This is an archived article and the information in the article may be outdated. Please look at the time stamp on the story to see when it was last updated.

The parents of a 10-year-old boy with Down syndrome says abuse suffered at the hands of a teacher’s aid at a Temecula elementary school has reversed developmental progress and left him dealing with post-traumatic stress disorder.

Hudson Peterson was developing well until age 7, when he attended first grade at Tony Tobin Elementary School in Temecula, according to his parents, Shannon and Scott Peterson.

Hudson then began coming home with bruises, they said. An investigation determined a teacher’s aide who had been working with Hudson had been abusing him, including picking him up by his wrist, yelling at him and hitting him, they told KTLA.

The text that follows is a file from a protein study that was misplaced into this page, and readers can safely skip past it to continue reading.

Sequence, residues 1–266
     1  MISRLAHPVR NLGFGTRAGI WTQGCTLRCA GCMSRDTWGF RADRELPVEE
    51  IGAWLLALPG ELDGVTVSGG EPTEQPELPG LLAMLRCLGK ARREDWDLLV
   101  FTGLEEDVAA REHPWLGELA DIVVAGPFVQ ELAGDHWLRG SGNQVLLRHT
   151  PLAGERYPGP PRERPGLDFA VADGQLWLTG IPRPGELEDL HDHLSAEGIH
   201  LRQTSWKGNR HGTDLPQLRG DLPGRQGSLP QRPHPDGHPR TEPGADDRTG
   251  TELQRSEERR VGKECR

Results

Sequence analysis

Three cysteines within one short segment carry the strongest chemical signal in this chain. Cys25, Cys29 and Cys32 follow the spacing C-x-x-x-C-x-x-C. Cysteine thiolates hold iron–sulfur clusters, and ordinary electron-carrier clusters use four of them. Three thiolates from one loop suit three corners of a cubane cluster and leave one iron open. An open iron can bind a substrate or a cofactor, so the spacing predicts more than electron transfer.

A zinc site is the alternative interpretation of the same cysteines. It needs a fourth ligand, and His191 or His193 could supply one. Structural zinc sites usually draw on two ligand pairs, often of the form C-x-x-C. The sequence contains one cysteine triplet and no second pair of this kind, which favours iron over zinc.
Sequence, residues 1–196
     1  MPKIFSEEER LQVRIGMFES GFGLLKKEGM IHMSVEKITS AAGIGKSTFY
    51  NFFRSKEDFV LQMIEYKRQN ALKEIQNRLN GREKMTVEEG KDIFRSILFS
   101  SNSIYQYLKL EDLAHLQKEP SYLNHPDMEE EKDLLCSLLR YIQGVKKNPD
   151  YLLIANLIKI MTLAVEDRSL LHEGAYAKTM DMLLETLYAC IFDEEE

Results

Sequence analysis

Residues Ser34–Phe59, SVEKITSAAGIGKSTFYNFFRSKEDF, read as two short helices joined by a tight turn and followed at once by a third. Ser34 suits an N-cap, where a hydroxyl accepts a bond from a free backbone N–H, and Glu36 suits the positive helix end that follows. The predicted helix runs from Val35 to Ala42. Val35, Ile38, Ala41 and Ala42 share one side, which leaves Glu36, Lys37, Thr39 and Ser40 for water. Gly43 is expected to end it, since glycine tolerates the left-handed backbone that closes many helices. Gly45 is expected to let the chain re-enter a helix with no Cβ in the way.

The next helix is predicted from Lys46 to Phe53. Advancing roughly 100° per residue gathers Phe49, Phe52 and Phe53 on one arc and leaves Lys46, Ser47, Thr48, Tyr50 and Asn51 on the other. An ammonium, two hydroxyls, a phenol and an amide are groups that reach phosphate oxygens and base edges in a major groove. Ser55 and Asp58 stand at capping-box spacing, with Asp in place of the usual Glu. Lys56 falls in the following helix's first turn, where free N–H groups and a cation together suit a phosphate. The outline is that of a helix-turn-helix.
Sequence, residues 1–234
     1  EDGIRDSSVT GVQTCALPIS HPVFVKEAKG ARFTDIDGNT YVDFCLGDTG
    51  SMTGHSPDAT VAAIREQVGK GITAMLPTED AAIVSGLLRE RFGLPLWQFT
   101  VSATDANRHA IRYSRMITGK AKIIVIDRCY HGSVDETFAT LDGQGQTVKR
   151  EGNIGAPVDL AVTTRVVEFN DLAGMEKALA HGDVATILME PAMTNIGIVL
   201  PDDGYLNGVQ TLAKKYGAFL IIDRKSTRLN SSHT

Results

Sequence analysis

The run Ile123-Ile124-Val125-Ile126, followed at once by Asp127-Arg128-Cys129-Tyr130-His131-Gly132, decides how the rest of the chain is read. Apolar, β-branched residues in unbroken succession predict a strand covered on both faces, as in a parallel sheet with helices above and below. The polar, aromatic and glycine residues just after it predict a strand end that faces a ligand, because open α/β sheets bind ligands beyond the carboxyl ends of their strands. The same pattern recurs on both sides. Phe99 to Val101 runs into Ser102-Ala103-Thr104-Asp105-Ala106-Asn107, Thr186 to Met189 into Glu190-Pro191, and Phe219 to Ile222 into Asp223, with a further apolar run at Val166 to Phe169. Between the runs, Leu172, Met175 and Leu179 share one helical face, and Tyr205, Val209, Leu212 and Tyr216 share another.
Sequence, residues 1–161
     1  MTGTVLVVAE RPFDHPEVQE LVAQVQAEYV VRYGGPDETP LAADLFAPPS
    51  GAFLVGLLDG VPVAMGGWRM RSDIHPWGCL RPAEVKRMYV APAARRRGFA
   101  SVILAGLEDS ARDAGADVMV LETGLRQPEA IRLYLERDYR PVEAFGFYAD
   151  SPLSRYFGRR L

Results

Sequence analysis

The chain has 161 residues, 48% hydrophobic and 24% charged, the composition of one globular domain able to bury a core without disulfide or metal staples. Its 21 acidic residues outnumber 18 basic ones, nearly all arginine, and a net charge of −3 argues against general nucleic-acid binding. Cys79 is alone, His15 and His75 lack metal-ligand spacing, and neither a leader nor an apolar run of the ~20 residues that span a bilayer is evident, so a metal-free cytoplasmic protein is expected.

The emotional and physical abuse caused Hudson to have behavioral meltdowns, revert to becoming nonverbal and require diapers, his mother said. He’s being treated for post-traumatic stress disorder.

The family has filed a lawsuit against the school, and jury selection is scheduled to begin Friday.

The parents say they’re further upset because despite confirming the abuse through an investigation, the school asked the aide – whom the Petersons identified as Debbie Woodard – to resign, rather than terminating her. That decision allowed her to maintain a clean disciplinary record and continue working with students at other schools, the Petersons said.

Temecula Valley Unified School District representatives said the district declined to comment on pending litigation.